PUPPET MASTER 5: THE FINAL CHAPTER (1994)
(Directed by Jeff Burr)
(Written by Steven E. Carr, Jo Duffy, Todd Henschell, Douglas Aarniokoski and Keith S. Payson)
(Starring Gordon Currie, Chandra West and Ian Ogilvy)
Plot: Rick Myers (Gordon Currie) and his friendly, homicidal puppets continue to fight the demon cult who wants to eliminate everyone who has discovered ‘the power’ to re-animate…puppets…
I’m laughing right now, although I certainly wasn’t laughing during my viewing of “Puppet Master 5“, which didn’t even deserve the deriding laughter that I gifted “Puppet Master 4“. The previous sequel needed a stronger antagonist, as the Totems didn’t put up much of a fight against our beloved demon puppets and when the remaining one did, it was only because everyone unanimously came down with a case of the stupid and that caused them to forget about teamwork. “Puppet Master 5” has the desired final villain and this new baddie is significantly more threatening than his underlings were. The problem is…everything else. This worthless piece of crap relies on excessive padding and story-threads that were not really necessary in the first place. It seemed to me that the best solution would be to combine both sequels, incorporating the finale and villain of “Puppet Master 5” into the story of “Puppet Master 4“. I doubt that the final result would be a good movie, but at least it would be a complete movie. Yet I am under siege by a fit of giggles because I hadn’t realized until now that THIS WAS ORIGINALLY THE PLAN. I’m not sure why Full Moon changed their minds and chose to chop off the third act from “Puppet Master 4” and develop a whole other movie around it, but both films were critically hurt in the process. “Puppet Master 5” is technically superior to its predecessor, moving from ‘hilariously terrible’ to…just ‘terrible’…Damn it! I can’t even laugh at the badness anymore. Instead I just have to be bored.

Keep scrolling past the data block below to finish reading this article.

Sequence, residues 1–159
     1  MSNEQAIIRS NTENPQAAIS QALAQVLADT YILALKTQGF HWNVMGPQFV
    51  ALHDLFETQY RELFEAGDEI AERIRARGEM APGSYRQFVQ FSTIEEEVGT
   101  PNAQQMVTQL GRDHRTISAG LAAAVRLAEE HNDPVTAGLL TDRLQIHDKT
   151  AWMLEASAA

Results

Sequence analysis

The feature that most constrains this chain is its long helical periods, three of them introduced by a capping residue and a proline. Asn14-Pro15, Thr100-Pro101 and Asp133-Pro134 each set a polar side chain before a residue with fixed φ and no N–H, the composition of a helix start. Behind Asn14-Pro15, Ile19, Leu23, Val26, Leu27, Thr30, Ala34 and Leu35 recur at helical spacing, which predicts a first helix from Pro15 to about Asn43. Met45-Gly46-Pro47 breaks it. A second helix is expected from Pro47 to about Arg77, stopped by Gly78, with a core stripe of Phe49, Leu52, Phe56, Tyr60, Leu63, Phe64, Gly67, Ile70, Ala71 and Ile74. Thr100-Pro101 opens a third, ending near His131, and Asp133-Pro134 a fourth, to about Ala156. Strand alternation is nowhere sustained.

Sutekh was also the antagonist in the previous film, but outside of being an awful special effect and ordering his minions around, he didn’t do much. This time, he takes a more active role and uses a new, more advanced, totem as his avatar. This new creature is a major step up from the previous totems, having a more menacing design and a variety of powers at its disposal. He is a much greater threat and the most entertaining parts of the movie is when we see him clash with the various puppets and ACTUALLY OVERCOME THEM- without it being too one-sided. All the puppets from “Puppet Master 4” return, but each seemed to have bigger roles. Even Jester actually does something, for once. Hell, my bestest buddy Torch has finally returned after winning my heart in “Puppet Master 2“. Alas, he doesn’t seem quite as impressive, but a heel-face turn will likely do that to you. I thought it was funny how he just appears, as if he has been there the entire time. The fights are better, primarily because it seems less like a child smashing his toys together and more like a light show. The special effects are significantly bigger, albeit only sometimes better, but the grand finale was far more ambitious than what part 4 delivered. This is the kind of explosiveness that the franchise needed at this point- cheesy, over-the-top fun. Jeff Burr has improved his directing skills and seems to know how to film the puppets so that they’re more lifelike this time around. Outside of Sutehk’s appearance and Toulon’s head being superimposed on Decapitron’s body, I can’t say any of the special effects failed to the point of affecting my enjoyment. I’d still say the previous Puppet Master entries had more convincing creatures, but what we got here wasn’t bad for the time/budget.